Defining Constant Variables • Constant Variables represent the aspects of an experiment that are held constant through all trials. • Constant variables ensure that all aspects of trials in an experiment are identical, except for the IV. For example: • In the example, identical containers, amounts of water, length of heating, etc… • This ensures that any difference measured in the DV logically has to be caused by the IV. • A Control Group is used for Comparison Only
Sample Question Jane and David have decided to do an experiment testing how sunlight affects plant growth. The students choose the same type of plants, soil, pots and amount of water they give the plants. They also make sure each plant is put in their designated area for the same amount of time each day. One plant is placed outside; one in front of a window that only gets light for 1/2 the day, and one in a closet. The students collect data every day for two weeks. Their results show that the plant outside grew the most and the plant in the closet had the least amount of growth. What are the constant variables that Jane and David used in their experiment? A. type of plants B. the temperature C. the amount of time in the light D. A and C
B-1.5 Organize and interpret the data from a controlled scientific investigation by using mathematics, graphs, models, and/or technology
Analyzing Data When analyzing data, be sure that any statements are simply statements about what the data show.
Sample Question Alexander was studying the effect of playing rock music on plant growth. One of the plants was exposed to rock music for 24 hours a day for a period of 6 weeks. Data on the growth of the plant was collected at the end of each week and plotted in a graph. Based on the data, which would be the MOST reasonable measurement at the end of an 8 week period? A. 2 decimeters B. 6 decimeters C. 8 decimeters D. 16 decimeters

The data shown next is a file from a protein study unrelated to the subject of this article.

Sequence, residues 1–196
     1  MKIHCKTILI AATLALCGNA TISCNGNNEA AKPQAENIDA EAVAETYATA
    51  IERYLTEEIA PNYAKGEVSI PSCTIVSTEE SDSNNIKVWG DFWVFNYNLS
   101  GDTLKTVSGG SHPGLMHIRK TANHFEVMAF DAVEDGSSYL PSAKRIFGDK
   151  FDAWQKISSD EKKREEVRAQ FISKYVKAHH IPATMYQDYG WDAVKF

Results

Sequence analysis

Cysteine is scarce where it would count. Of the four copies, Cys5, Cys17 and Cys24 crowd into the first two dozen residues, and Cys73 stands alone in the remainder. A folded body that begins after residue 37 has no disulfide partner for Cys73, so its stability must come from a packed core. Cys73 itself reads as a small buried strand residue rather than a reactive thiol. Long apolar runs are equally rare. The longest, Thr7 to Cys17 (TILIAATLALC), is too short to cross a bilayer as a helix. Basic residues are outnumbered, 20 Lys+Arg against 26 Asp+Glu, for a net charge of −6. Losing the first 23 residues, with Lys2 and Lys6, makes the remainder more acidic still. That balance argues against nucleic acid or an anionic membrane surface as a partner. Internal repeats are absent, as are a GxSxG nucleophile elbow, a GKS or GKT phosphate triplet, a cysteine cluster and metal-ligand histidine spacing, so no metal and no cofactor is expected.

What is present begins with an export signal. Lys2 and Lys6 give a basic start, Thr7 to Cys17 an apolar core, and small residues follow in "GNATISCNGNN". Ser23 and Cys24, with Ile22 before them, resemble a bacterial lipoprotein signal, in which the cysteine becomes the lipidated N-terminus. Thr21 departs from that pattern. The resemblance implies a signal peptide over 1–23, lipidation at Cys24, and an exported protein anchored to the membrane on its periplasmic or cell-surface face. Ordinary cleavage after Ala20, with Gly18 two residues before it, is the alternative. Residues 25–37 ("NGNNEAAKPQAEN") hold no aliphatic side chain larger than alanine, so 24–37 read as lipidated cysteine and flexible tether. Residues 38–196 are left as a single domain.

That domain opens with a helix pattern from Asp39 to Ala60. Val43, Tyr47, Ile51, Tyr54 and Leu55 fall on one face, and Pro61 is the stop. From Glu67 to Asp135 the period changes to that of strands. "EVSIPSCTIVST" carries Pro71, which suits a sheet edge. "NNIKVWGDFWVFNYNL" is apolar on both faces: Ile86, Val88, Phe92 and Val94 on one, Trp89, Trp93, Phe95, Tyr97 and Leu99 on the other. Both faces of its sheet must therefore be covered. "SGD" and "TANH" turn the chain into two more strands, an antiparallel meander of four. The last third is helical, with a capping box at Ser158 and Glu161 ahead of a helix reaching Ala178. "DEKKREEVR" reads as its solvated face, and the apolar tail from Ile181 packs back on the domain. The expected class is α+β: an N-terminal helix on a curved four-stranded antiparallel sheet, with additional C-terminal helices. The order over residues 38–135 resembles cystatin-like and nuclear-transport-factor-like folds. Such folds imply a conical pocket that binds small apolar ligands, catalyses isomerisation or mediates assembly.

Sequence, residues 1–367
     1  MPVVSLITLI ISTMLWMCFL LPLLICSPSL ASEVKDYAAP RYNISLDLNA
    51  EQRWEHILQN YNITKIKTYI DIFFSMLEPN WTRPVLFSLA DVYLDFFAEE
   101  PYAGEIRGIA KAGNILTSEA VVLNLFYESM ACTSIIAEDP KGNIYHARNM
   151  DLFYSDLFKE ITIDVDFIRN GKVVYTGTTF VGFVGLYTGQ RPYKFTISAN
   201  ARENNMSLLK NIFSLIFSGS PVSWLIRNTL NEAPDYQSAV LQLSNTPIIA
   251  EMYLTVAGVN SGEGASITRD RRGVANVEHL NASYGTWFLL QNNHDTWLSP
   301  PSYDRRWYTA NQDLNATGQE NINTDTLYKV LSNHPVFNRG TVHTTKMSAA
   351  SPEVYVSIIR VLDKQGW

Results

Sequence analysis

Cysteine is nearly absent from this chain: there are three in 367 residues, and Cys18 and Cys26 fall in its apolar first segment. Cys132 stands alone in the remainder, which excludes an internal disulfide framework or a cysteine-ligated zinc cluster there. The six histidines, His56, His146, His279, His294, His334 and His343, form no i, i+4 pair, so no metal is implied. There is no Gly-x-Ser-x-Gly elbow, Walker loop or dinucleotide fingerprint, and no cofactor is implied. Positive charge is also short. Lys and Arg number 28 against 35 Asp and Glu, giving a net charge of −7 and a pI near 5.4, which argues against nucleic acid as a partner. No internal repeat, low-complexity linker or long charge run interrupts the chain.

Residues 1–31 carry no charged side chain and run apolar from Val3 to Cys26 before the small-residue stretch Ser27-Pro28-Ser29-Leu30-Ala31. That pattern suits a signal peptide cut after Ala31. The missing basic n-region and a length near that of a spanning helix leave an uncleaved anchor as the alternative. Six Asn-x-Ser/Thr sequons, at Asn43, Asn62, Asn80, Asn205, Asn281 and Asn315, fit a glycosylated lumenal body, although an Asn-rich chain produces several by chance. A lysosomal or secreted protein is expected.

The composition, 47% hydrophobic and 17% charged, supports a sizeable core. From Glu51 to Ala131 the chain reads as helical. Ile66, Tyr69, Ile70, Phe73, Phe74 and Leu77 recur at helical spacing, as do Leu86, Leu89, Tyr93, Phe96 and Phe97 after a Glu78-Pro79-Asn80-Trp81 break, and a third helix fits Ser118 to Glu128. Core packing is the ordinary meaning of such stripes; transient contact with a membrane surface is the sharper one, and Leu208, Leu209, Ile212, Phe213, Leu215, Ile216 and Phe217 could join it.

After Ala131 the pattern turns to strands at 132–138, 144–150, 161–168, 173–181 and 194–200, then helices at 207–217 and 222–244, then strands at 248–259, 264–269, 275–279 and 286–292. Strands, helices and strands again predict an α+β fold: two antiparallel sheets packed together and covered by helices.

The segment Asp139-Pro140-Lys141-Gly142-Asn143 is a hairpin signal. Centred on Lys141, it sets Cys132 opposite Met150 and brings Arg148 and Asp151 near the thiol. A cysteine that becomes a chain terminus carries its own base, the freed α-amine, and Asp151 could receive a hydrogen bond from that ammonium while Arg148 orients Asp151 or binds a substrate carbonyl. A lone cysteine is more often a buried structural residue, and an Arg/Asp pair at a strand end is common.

Sample Question • A golf club company has four models of golf clubs. Average strokes saved per 18 holes is a positive indicator of quality (the more strokes saved, the better the golf clubs). The manufacturing time per set is a measure of how long it takes to manufacture one set of clubs. If the company wishes to produce a lot of golf clubs quickly, which set would be the best choice to meet their criteria? A. Alpha B. Legacy C. Platinum D.Primo
B-1.6 Evaluate the results of a controlled scientific investigation in terms of whether they refute or verify the hypothesis.
Conclusion In this portion of the lab, an explicit statement is made about whether your hypothesis was supported or refuted. Support from your data does not prove your hypothesis was correct, but does support your prediction. Data that does not support your data likewise does not disprove your prediction, but instead refutes it (fails to support it).
Sample Question When writing a conclusion, to what should the writer always refer? • procedure B. hypothesis C. your textbook D. the materials list
B-1.7 Evaluate a technological design or product on the basis of designated criteria (including cost, time, and materials).
Common requirements within the solution design stage: • Cost effectiveness or lowest cost • Time effectiveness or least amount of time required • Materials that meet these criteria: • Solves the problem • Reasonably priced • Availability • Durability • Not harmful to users or the environment • Manufacturing process matches characteristics of the material • ***Benefits should exceed risks, and there are tradeoffs to the process: the “best” may be too expensive
Sample Question What are the special considerations during the Solution Design during Technological Design Process? A. Cost B. Time C. Materials D. All of the above
B-1.8 Compare the processes of scientific investigation and technological design.
Check whether the following steps are part of the Technological Design Process or Scientific Investigations. (Note: you may check one or both boxes for each stage.) 5pts
B-1.9 Use appropriate safety procedures when conducting investigations.
Safety Procedures • Revisit Safety Contract and scenarios
Sample Question A Student is wearing a baggy sweater in the lab and it catches fire as the student reaches over the bunsen burner. What should you do as the lab partner? What should have been done to prevent this from happening?